You might think that a man who suffered an injury to his penis would be well aware of that fact. But for many men with Peyronie’s disease, repeated injury from sex or other physical activity causes damage without being noticed.
Peyronie’s is the formation of scar tissue, or plaque, in the erectile tissue of the penis that causes painful, curved erections. Men can only get Peyronie’s through trauma or injury, though Brad Figler, MD, an assistant professor of urology at the UNC School of Medicine, says most men don’t report either.
“The vast majority of patients don’t report a single traumatic episode,” Dr. Figler says. Because men with slight erectile dysfunction often get Peyronie’s, “during sex, the penis buckles a little bit because it’s not fully erect. It’s not painful and not something they notice, but it can cause a tear in the penis.”
It’s this kind of tear that can lead to the buildup of scar tissue.
The Symptoms of Peyronie’s
Here’s how Peyronie’s manifests:
“When there’s an injury, the body responds to that injury and can heal it with regular healthy tissue, which helps the penis expand, or it can heal it with scar tissue,” Dr. Figler says. “Scar tissue does a lot of good things—it prevents bleeding and infection—but it doesn’t expand.”
During an erection, a normal penis will expand in length and girth. But the presence of scar tissue will prevent expansion in one or both directions. “If the scar tissue prevents expansion in length, which is most common, then during an erection, one side of the penis gets long the way it used to, but the scarred side doesn’t. This length discrepancy causes curvature,” Dr. Figler says.
“The same thing can happen with girth: Normally, the penis increases in girth during an erection. If there’s scar tissue, the areas that don’t have scar tissue increase in girth like they used to, and the areas with scar tissue might not increase as much, and then the patient gets narrowing,” he says.
Although less common compared to penile curvature, the narrowing of the penis can cause other problems. Sometimes the narrowing can be so severe that it prevents blood flow behind the area of narrowing, or it can cause a “hinge effect,” which makes the penis unstable when erect.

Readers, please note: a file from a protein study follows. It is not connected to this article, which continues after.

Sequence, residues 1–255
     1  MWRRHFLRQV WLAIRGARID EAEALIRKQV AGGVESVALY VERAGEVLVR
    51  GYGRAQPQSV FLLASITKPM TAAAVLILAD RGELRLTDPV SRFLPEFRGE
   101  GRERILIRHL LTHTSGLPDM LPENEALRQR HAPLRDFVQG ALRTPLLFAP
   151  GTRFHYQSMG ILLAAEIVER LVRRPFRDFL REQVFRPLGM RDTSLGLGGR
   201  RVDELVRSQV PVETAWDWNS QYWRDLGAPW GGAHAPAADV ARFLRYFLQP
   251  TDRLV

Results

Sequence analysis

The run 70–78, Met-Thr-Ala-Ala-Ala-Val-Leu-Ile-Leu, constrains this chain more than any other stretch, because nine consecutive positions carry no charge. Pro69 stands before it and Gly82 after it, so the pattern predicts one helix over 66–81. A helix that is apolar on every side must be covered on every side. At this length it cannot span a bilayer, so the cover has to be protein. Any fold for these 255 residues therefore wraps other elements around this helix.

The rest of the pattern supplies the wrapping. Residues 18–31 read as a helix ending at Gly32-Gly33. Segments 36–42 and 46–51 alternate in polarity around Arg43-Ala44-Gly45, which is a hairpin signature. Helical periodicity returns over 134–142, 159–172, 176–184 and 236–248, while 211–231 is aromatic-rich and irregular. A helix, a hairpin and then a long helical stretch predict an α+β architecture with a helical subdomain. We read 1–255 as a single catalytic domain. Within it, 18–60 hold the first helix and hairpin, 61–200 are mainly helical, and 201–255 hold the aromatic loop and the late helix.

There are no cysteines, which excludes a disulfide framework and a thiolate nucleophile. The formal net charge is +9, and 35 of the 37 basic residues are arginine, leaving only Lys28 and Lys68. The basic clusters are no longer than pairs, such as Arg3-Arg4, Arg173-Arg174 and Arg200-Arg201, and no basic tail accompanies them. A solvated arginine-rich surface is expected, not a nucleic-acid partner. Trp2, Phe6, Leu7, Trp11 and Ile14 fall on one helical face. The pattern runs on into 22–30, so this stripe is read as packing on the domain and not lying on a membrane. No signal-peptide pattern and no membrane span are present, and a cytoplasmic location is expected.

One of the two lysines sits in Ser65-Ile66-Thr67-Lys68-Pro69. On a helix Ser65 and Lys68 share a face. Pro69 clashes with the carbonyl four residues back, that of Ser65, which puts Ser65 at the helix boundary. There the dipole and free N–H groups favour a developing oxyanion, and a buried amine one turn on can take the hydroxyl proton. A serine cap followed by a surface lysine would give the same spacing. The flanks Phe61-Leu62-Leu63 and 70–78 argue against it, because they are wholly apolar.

While the injuries are often subtle and happen over time, Peyronie’s also can result from significant injuries, such as penile fracture, that lead to scarring. People who are prone to forming scar tissue—such as those who experience Dupuytren’s contracture, a similar condition in the fingers, or Ledderhose disease, a similar condition in the feet—are also more likely to get Peyronie’s.
How Peyronie’s is Treated
Peyronie’s disease is divided into two phases: active or stable.
For men in the active phase of Peyronie’s, there has been an injury to the penis that the body is trying to heal. During this phase, men will experience a deep throbbing in the penis, like they pulled a muscle, even when it’s not erect. Tenderness and curvature can also take place, though the degree of curvature might change as the body tries to heal the injury.
Men enter the stable phase of Peyronie’s if the curvature of the erect penis hasn’t changed for three to six months and there is also no pain from inflammation.
Treatment of Peyronie’s disease depends on the phase, but Dr. Figler says that all men’s erectile function should be assessed before deciding on any treatment. “Some of these patients have such severe erectile dysfunction that if we fix the curvature or narrowing, it won’t be any better since they still can’t get an erection,” he says.